Browse
Crafts, Recipes, Tips,
& Guides
Contests
Enter Contests
& Vote
Get Advice
Submit a
Question
Browse>Contests>Ask>Share>Newsletters>Account>About>

Cleaning a Trombone

0 0EmailPrintFollow
Old trombone in case.

I was given a horn (trombone) and it has set in an old vacant house in the south in its case for 8 years, with no care. How do I clean this safely?

By gbk from south GA

Best Answer

This answer has been rated the best for this question.

By Paulette Gulakowski [7]10/19/2011

I am a retired band director and have cleaned trombones and trumpets. Clean the trombone in the bathtub with warm soapy water, dish soap like Dawn is fine. Take it apart, being careful not to dent it or bend the slide. Wash outside with a soft cloth. Clean inside the slide tubes and the bell with a swab (brush on a long spring) that you can purchase in a music store. Rinse in running water and dry outside. Put slide oil on the slide tubes and barest hint of Vaseline on the connector joint. This process gets rid of the dirt and yucky green stuff you find in every horn that hasn't been cleaned in a while.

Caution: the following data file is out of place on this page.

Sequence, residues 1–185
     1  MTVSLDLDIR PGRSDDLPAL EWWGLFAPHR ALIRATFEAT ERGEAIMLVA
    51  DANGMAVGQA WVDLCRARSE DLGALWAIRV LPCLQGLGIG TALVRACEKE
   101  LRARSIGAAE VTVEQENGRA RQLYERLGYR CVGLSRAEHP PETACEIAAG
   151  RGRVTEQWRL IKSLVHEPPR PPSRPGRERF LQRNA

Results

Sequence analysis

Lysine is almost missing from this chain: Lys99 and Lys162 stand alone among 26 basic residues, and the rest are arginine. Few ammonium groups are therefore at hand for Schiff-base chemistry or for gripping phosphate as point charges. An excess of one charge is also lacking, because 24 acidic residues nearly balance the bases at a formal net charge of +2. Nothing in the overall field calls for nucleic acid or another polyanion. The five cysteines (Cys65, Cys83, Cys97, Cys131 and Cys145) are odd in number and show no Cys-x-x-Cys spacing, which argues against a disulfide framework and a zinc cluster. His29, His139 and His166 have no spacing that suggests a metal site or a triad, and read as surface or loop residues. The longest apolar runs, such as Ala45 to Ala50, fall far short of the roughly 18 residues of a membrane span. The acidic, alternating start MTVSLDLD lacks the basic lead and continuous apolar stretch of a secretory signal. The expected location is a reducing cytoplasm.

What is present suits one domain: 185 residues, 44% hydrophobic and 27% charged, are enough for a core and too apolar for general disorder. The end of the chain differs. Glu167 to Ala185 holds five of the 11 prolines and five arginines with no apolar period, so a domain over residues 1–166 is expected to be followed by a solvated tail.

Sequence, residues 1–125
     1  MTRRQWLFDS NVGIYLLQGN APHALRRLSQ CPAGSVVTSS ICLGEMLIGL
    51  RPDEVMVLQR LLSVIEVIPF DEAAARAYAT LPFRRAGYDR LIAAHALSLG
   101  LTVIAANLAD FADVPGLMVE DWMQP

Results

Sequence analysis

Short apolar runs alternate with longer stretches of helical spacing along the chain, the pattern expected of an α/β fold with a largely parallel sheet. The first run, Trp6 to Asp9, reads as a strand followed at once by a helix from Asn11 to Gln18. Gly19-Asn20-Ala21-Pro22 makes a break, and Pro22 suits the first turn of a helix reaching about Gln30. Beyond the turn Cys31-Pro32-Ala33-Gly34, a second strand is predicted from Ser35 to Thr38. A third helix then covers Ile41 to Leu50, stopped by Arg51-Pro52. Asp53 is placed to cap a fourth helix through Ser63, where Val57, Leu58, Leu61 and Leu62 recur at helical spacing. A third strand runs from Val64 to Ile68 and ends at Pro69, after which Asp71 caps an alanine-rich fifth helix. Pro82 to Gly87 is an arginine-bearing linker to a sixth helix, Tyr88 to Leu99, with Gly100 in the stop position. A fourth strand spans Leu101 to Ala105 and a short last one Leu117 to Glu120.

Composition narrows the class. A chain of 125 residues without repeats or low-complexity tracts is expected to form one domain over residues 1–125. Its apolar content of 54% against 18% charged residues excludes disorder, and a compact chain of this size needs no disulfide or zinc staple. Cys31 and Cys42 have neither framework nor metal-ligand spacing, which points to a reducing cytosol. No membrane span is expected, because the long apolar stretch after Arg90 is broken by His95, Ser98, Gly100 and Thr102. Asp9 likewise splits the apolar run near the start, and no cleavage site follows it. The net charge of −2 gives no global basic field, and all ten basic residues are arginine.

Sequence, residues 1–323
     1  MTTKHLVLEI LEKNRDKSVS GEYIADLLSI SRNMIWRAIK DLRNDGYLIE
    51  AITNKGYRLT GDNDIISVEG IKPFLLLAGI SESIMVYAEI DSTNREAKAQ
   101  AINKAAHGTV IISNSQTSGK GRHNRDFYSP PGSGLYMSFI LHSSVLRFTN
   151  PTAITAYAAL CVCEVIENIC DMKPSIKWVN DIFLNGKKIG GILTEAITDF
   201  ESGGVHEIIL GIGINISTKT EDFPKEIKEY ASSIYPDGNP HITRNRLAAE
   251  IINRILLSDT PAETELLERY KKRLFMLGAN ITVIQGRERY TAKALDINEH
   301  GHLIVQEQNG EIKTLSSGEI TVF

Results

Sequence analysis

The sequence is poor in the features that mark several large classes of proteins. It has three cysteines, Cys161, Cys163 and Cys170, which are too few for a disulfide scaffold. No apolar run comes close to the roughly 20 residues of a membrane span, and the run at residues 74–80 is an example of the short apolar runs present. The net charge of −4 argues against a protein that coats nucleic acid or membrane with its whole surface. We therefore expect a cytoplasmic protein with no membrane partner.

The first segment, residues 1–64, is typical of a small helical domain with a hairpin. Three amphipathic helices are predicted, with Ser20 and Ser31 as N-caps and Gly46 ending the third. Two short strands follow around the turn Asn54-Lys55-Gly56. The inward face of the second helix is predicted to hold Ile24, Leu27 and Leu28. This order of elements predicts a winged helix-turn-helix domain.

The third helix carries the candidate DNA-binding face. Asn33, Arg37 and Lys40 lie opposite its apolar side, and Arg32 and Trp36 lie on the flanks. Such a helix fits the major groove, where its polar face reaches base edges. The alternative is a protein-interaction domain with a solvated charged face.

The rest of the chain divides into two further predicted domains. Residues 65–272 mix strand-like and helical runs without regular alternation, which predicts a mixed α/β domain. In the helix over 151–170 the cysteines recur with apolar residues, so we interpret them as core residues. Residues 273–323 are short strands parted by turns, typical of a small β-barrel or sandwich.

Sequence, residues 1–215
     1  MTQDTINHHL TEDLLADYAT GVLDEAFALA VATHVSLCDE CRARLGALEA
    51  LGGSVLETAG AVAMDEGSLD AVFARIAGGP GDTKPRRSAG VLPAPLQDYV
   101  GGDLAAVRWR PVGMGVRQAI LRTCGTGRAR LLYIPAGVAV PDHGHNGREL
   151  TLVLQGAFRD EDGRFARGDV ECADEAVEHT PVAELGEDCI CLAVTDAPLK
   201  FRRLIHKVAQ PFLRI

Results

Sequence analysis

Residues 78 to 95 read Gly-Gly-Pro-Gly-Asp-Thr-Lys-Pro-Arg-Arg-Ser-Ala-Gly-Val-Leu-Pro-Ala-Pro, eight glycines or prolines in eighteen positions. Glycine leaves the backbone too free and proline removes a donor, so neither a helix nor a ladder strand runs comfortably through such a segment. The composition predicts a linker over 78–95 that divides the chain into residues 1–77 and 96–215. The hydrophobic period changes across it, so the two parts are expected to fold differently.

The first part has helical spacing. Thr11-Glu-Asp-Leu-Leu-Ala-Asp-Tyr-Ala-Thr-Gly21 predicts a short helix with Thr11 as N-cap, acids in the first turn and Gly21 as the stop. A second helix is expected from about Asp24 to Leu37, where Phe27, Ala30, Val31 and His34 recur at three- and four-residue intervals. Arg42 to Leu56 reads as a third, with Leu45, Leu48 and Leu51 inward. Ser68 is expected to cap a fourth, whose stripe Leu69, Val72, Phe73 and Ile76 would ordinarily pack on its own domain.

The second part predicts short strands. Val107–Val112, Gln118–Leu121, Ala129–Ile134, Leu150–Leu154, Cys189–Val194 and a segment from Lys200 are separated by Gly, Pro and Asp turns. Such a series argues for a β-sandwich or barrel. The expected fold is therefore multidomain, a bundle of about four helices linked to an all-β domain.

The case will need to be vacuumed thoroughly, surface cleaned (plain water is probably best) and set in hot sun for several days. Otherwise it will smell musty and may grow insect larva.
Your instrument looks like an Olds I have. It will not get shiny when clean.
Oh, and don't store the music book in the case. It may bend delicate parts!
Consider learning to play the instrument!

Recent Answers

Here are the recent answer to this question.

By gbk [45]10/18/2011

Thanks you all. I think I'll check with a music shop as you suggest. No, I don't want to play it, but might sell it when I get all its history sorted out. I have found out that it is a 1958 F.E. Olds & Sons and made in California.

By Suntydt [75]10/18/2011

If your intent is to eventually play it or you want to sell a "playable" trumpet go to a music shop and find someone who knows what they are doing. You could ruin it.

By pam munro [447]10/18/2011

You can clean the outside with any brass cleaner - just be careful not to get it in the works. If you really want to play it - I would recommend taking it into an instrument repairman to make sure it's all playable. If you are brave, there are instructions you can find on the net about about to maintain instruments. Be glad it was in a case - that protects it to a great degree.

Answer This Question

Add your voice to the conversation. Click here to answer this question.